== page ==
Prevention and social care for adults with learning disabilities

Eric Emerson Completed   2011


This scoping review aimed to explore the issue of prevention in relation to adult social care services for people with learning disabilities with regard to:

  • options for preventative actions
  • implications for adult social care practice
  • possibilities for modelling the consequences of preventative strategies.


The review concluded that a plausible case can be made for the viability and potential effectiveness of primary and secondary prevention of learning disabilities and of the need for social care support among people with learning disabilities. There is, at present, no direct empirical evidence of the social and economic benefits associated with investment in such activities. There are, however, possibilities for estimating some of these costs and benefits using information from a combination of undertaking new systematic reviews and re-analysis of evaluation data that are or could be made accessible.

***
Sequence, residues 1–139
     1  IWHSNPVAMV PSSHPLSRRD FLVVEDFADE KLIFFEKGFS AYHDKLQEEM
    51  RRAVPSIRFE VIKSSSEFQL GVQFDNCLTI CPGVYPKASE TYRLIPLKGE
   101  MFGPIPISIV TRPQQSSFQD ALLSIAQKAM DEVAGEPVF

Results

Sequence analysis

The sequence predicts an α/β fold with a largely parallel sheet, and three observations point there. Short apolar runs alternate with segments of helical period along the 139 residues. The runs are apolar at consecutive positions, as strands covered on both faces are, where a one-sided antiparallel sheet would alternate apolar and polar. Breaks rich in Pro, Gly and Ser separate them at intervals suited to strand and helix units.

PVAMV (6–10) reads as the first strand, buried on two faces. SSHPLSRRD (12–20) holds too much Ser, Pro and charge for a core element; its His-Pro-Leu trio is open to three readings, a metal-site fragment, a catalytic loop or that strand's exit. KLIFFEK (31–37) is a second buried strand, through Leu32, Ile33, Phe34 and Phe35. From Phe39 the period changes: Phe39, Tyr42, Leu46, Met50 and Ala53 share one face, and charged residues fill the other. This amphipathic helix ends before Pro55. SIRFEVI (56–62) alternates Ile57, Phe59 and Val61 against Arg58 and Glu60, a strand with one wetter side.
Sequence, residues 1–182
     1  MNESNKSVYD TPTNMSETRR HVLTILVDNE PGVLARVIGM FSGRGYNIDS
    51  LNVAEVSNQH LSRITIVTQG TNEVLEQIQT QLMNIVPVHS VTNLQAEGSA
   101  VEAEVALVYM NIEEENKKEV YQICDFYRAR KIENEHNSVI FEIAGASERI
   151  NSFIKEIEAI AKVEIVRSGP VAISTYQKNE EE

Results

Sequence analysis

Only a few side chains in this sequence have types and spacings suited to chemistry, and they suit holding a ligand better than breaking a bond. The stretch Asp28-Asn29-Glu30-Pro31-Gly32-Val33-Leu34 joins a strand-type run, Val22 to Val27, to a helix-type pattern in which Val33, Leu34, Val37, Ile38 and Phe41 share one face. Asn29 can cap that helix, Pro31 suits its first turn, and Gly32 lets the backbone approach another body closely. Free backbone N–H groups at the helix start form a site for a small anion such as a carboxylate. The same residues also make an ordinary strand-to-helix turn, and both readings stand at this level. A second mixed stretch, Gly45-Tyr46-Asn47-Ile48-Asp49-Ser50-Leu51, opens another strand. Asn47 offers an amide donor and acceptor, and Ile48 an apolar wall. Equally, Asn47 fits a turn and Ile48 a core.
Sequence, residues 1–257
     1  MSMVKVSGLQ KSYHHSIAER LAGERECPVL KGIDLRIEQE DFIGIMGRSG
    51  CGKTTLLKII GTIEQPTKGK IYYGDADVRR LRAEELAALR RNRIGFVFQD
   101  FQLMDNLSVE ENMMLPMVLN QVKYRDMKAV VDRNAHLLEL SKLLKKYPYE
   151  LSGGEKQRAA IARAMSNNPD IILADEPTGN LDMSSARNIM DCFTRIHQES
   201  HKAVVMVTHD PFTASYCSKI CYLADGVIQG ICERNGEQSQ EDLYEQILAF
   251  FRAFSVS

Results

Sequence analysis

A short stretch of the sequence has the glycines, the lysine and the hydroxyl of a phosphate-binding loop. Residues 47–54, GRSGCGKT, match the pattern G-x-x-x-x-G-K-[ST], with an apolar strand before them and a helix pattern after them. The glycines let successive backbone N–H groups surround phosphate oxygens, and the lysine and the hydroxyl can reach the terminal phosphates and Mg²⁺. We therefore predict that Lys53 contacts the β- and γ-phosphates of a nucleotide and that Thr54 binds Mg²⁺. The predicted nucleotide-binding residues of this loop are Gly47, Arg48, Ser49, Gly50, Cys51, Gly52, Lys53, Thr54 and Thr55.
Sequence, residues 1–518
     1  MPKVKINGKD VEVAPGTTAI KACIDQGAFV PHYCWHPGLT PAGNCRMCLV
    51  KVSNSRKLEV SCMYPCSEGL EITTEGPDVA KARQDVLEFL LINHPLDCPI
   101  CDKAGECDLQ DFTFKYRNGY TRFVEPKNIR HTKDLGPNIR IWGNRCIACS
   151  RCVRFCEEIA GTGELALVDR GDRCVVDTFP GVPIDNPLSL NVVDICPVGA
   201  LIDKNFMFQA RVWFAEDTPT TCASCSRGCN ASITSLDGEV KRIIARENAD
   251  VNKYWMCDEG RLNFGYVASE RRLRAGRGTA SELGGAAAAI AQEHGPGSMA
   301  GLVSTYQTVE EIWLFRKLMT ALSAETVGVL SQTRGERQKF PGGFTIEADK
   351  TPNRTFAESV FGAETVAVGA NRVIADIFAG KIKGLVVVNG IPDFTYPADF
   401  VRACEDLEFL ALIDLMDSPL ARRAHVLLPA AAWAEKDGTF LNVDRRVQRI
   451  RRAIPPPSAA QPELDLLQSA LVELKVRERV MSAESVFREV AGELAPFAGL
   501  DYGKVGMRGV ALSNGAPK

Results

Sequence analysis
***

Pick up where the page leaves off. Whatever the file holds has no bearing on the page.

The vast majority of the options for prevention involve altering the social and environmental context in which children in the UK grow up. Some of these interventions are relevant to all children (e.g., reducing exposure to child poverty and economic inequality). Some are more specific to children with learning disabilities and the families who support them (e.g., early intervention for children with developmental delay, short breaks). Much fewer options are specific to services for adults with learning disabilities.

Prevention and social care for adults with learning disabilities
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